the psychological desire for food; triggered by sight/smell of food
- unrealistic and difficult to follow long term
- categorize foods as good or bad
Why are fad diets unsuccessful?
- promote small. moderate life-style changes
- decrease portion size, increase physical activity
- reduce energy in, increase energy burned
What are recommendations for weight loss in adults?
vertical sleeve gastrectomy
part of stomach removed; restriction
adjustable gastric band procedure
adjustable band fits around upper part of stomach (restriction)
Roux-en-Y gastric bypass
- Small pouch created from stomach
- Part of small intestine bypassed
- Restriction and malabsorption
- weight maintenance
- gain height and grow into their weight
What are recommendations for childhood obesity?
- intracellular (60%)
- extracellular (40%)
What are the two compartments in which water is found?
- metabolic water from breakdown of carbs, fats and proteins
What are sources of water intake?
- air expiration
What are sources of water loss?
Hormone that stimulates the kidney to retain sodium ions and water
antidiuretic hormone (ADH)
influences the absorption of water by kidney tubules
A serious reduction in the body's water content
abnormally low blood sodium levels; excess water
- pH balance
- nerve transmission
- gastric pH
What are functions of water/electrolytes?
- involved in metabolic processes
- don't provide energy
What if the function of vitamins/minerals?
Fat soluble vitamins
A, D, E, K
water soluble vitamins
B and C
- integrity of epithelial cells
- bone growth
- cell membrane
- gene regulation
- immune function
What are functions of vitamin A?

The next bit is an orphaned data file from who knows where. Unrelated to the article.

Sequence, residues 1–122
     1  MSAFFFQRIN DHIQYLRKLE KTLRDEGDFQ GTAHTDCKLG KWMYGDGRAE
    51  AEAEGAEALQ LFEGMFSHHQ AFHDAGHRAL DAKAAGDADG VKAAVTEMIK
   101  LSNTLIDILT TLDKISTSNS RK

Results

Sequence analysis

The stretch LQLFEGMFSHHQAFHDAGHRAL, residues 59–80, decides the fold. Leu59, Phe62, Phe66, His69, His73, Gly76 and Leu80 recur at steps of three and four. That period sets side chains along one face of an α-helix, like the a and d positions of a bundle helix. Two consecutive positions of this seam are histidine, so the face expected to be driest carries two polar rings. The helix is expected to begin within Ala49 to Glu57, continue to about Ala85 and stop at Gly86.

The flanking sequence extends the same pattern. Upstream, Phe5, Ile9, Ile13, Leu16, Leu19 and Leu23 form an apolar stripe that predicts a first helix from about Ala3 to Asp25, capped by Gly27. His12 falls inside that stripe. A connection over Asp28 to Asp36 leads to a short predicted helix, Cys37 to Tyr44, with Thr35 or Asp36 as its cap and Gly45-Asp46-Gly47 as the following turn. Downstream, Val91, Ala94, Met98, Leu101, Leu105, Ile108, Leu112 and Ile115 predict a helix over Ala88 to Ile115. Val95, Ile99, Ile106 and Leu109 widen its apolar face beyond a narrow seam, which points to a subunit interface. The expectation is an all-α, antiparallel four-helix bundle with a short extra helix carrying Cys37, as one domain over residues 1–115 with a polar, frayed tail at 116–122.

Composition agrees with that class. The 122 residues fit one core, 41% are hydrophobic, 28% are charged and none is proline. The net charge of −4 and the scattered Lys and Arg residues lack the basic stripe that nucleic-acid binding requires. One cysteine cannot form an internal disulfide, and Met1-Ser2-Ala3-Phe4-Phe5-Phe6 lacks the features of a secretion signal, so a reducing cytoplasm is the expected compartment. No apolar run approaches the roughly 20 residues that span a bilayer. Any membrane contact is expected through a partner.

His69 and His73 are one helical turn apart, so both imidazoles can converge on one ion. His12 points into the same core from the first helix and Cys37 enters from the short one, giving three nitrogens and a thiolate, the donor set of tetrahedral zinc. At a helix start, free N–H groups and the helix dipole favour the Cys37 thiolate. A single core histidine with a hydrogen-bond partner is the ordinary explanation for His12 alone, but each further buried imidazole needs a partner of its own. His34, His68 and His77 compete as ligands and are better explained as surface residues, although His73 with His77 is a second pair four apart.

preformed vitamin A
dietary vitamin A in its active form; animal-based foods
converted to active form as needed; plant-based foods; (beta-carotene)
-fortified milk, cheese, cream, butter, eggs, liver
What are dietary sources of preformed vitamin A?
- green leafy vegetables
- orange and red produce
What are dietary sources of pro vitamin A?
Vitamin A deficiency
night blindness, dry skin
Vitamin A toxicity
Reduced bone mineral density, liver abnormalities, birth defects
stimulates cells of small intestine to produce calbindin, which increases calcium absorption
What id the role of vitamin D in calcium metabolism?
- decreased ability to convert vitamin D into its active form
- decreased likelihood of adequate exposure to sunlight
What are reasons for elderly needed extra vitamin D?
- cod liver oil
- sardines, salmon, shrimp
- juices/ milk
What are dietary sources for vitamin D?
What is a non-dietary source of vitamin D?
Vitamin D deficiency in children
Vitamin D deficiency in adults
- heart disease
Conditions associated with vitamin D deficiency
- ethnic populations with dark skin
- older adults
Who is most at risk for low vitamin D?
- acts as antioxidant
- enhances immune function
- required for nerve cell development
What are functions of vitamin E?
Who is most at risk for low vitamin E?
Who is most at risk for low vitamin K?
- blood clotting
- bone development
What are the functions of vitamin K?
link amino acids